Bulimia nervosa is a repetitive cycle of eating large amounts of food — more than what most people would eat in one meal — in short periods of time, then getting rid of or compensating for the calorie intake through vomiting, laxative abuse or over-exercising. This binge-purge cycle is often an attempt to numb feelings and cope with underlying issues like anxiety, depression, personality disorders and trauma. Learn more about our eating disorders program or call 866-569-8535.
Dangers of Bulimia Nervosa
Bulimia nervosa can be extremely harmful to the body. The recurrent binge-and-purge cycle can impact the entire digestive system, and purge behaviors can lead to electrolyte and chemical imbalances in the body that affect the heart and other major organ functions.
Dangers of bulimia nervosa include:
- Electrolyte imbalances that can lead to irregular heartbeats and possibly heart failure and death (electrolyte imbalance is caused by dehydration and loss of potassium and sodium from the body as a result of purging behaviors)
- Inflammation and possible rupture of the esophagus from frequent vomiting
- Tooth decay and staining from stomach acids released during frequent vomiting
- Chronic irregular bowel movements and constipation as a result of laxative abuse
- Gastric rupture (an uncommon but possible side effect of binge eating)
Primary symptoms of bulimia nervosa include:
- Regular intake of large amounts of food in a very short period of time, accompanied by a sense of loss of control over one’s eating
- Repeated episodes of bingeing and purging
- Compensatory behaviors such as self-induced vomiting, laxative or diuretic abuse, fasting and/or obsessive or compulsive exercise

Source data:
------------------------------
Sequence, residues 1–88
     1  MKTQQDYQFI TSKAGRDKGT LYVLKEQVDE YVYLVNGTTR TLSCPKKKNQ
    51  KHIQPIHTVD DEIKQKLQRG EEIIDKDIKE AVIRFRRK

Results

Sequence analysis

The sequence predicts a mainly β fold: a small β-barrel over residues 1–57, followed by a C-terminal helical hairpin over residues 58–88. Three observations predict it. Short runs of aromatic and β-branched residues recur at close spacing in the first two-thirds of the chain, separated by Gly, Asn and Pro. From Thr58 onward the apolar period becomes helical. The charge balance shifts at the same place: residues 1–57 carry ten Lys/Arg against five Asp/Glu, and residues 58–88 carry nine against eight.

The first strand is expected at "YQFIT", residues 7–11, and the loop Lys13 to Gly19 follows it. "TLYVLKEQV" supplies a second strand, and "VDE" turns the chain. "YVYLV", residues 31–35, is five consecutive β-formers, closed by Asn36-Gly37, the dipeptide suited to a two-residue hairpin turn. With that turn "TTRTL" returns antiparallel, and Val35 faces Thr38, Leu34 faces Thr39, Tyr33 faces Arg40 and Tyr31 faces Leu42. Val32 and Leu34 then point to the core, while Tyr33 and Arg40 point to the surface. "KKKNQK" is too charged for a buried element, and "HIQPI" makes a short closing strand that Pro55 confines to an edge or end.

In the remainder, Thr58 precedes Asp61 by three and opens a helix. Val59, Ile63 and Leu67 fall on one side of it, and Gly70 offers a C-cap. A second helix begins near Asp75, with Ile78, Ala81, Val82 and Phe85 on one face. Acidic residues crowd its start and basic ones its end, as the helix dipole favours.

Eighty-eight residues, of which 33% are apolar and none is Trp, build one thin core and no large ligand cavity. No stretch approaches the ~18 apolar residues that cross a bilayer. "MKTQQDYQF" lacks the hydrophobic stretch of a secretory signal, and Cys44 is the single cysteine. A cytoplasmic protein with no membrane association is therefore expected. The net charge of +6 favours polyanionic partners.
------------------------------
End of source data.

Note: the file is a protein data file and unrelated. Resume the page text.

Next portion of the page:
- Extreme concern with body weight and shape
Treatment for Bulimia Nervosa
Bulimia nervosa is a complex disease requiring treatment that targets the biological, psychological, interpersonal and social contributors to this disease. Many women with bulimia also suffer from co-occurring disorders such as substance abuse, anxiety, depression, obsessive compulsive disorder and post-traumatic stress disorder. Simultaneous treatment of these issues is necessary to effectively break the binge-purge cycle. This integrated approach to eating disorder treatment allows clients to address the underlying factors that propel destructive behaviors while obtaining nutrition education, a stronger sense of self and healthier coping skills.
At The Ranch treatment center, we provide a nurturing, nonjudgmental space where women can explore shame, family roles, interpersonal challenges, attachment issues, loss and grief, poor self-esteem, distorted body image, trauma and biological and environmental factors that can fuel bulimia.
Warning Signs of Bulimia
Eating disorder specialists have found that the likelihood of bulimia recovery increases the earlier the disorder is detected and treated. Individuals concerned that a loved one may have a problem should look for the following warning signs:
- Evidence of binge eating, including the disappearance of large amounts of food in short periods of time or wrappers and containers indicating the consumption of large amounts of food
- Evidence of purging behaviors, including frequent trips to the bathroom after meals, signs and/or smells of vomiting, and laxative or diuretic packages or wrappers
- An obsession with exercise or rigidity around their exercise regimen (e.g., exercising despite weather, fatigue, illness or injury)
- Unusual swelling of the cheeks or jaw area
- Sores or calluses on the back of the hands and knuckles from self-induced vomiting
- Discoloration or staining of the teeth
- Creation of complex schedules or rituals to make time for binge-and-purge sessions
- Withdrawal from usual friends and activities
- Behaviors and attitudes indicating that weight loss, dieting and control of food are or becoming primary concerns